November 18, 2013

Crafty Science + Games

On the last day of our week we have been being crafty in science, playing oceanography games and doing our nature notebooks. This first game was invented by Ellen McHenry the author of Professor Pigs Magic Math which we did when the boys were about 6 years old. I am a big fan of Ellen's Inventive games and crafts. You will see more from her in just a minute. Best thing is she is offering all of them for FREE!

Bites and Pieces is played very much like concentration, but instead of matching just to cars you are trying to find the info card plus the head, middle and tail of the shark. The boys learned many shark names and ways that God has made sharks unique one to another.

 Max putting his first shark together.

 Zak putting his first shark together.

TJ putting his first shark together.

Sting Ray hand puppets also invented by Ellen McHenry. We used some old food covering material and it worked beautifully and cost us nothing! Zak added some cool spots to his sting ray and it was so cool how he accidentally lined up the pattern to take advantage of the fake wood flooring pattern on the material. 

 Max is taking the pattern onto the fabric.

Now to cut it out.

Using a hot glue gun we put the pieces together and added some tin foil eyes. 

All three different, but all well done!

3D Ocean Bingo sorting animals of the ocean by Zones.

Her clam diagram is brillant!

And I am so impressed with this pop-up-barnacle page.

Check out what is inside the barnacle...

We have also been adding some more animals to our ocean board.

 And doing some nature notebook entries

Zak drew this clever little drawing of our dog, Diamond.

Thanks for dropping by!
 I hope you enjoyed our pictures. :)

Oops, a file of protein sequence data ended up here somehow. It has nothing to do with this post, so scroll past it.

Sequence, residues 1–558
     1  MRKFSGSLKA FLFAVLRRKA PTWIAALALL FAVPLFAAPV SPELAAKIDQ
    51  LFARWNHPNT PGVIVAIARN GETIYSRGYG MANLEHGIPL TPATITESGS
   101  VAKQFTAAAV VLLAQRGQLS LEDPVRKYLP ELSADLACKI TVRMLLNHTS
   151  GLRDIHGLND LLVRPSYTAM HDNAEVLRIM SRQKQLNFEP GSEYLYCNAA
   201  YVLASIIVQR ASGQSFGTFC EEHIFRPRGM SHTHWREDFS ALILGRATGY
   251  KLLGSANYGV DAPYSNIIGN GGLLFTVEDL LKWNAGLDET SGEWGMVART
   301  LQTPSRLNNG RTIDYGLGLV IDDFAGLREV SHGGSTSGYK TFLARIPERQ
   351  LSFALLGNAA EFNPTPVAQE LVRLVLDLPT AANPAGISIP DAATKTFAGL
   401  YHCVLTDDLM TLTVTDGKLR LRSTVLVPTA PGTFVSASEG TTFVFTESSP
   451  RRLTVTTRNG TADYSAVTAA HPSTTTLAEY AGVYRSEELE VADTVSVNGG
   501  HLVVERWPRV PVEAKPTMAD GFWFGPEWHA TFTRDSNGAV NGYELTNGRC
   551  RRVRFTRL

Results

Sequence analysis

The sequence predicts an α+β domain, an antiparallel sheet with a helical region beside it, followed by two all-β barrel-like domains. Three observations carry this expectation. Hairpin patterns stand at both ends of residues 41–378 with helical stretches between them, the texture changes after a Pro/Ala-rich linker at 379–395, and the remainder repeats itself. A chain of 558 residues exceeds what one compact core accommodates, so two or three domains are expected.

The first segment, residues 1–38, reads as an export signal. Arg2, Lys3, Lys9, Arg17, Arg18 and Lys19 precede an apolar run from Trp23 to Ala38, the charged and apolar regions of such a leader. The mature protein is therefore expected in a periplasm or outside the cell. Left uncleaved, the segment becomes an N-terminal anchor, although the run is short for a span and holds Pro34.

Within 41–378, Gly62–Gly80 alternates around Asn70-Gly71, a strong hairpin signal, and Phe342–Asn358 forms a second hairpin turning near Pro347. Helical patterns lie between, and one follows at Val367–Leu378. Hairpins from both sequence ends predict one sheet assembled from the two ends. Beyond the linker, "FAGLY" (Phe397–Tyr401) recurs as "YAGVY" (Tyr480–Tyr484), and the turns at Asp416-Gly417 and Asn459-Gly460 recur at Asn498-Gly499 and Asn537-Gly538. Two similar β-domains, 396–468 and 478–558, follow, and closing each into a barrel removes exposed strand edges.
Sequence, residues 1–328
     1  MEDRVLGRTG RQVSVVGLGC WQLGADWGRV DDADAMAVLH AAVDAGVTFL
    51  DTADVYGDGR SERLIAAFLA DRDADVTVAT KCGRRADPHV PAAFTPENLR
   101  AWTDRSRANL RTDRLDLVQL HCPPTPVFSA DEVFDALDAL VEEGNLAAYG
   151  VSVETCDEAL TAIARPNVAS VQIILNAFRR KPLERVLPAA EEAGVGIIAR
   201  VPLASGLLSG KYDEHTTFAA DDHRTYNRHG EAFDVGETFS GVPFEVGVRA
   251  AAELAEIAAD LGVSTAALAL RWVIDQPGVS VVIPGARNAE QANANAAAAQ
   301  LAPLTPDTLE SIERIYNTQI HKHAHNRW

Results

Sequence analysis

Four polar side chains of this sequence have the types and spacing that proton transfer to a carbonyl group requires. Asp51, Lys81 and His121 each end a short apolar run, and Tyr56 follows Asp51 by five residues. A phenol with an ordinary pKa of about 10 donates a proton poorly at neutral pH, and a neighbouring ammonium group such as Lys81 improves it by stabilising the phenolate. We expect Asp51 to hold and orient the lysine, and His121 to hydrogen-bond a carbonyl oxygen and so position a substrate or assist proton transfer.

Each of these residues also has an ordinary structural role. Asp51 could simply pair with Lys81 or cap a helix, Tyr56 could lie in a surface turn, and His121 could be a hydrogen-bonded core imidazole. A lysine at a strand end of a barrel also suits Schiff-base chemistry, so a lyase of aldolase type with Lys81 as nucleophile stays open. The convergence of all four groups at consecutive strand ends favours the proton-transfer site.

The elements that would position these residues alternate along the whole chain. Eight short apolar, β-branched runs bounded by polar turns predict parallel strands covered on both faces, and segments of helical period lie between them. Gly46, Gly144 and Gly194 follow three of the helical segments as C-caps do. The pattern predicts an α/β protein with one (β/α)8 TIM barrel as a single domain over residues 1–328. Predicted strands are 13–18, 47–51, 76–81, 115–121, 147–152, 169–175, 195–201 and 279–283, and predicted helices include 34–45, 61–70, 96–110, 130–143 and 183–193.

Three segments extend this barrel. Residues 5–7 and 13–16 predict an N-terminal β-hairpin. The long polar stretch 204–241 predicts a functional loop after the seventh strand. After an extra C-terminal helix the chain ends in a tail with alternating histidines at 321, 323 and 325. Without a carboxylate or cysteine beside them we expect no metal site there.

Painting 101 Continued

 This week we are wrapping up our painting skills lessons from I Can Do All Things art curriculum which we began last year. I say painting skills because in this art lesson being creative was not our objective. The objectives were to learn the skills of painting such as mixing paints, wielding a brush, mixing colors, and  planning what to paint first then second etc. I think this is an important first step to being able to create. They are a few of the foundations that one must master so that when the artist has a worthy idea it can be expressed as the artist wishes.

Each time we sat down to paint inevitably Zak would ask, "How do you make Green?" after three or four lessons it changed to "How do you make brown?" Now he can make any kind of green or brown that he wants. 

Learning to wield a brush os not easy, it is different than the markers the boys are used to in that it is flexible and must be eloped with paint often. The boys became better at not scrubbing the brush, when loading it and when painting. They also learned how to move the brush to stay inside the lines. Some better and more patient than others but all in all they all improved in this. They also learned how to use the brush from the tip and how to move it t make different kinds of strokes.

They were always given red, blue, yellow, white and black to begin the paintings form there, they mixed what they needed.

They learned how to mix secondary colors and see how they relate to each other. 

They learned how to use tiny bits of blue added to white to make a sky blue but not too blue.

Because we are painting a drawing already drawn for us the student can focus on the painting not the drawing part of making a picture beautiful. Each lesson picture once painted looks great so the student can feel good about his or her efforts.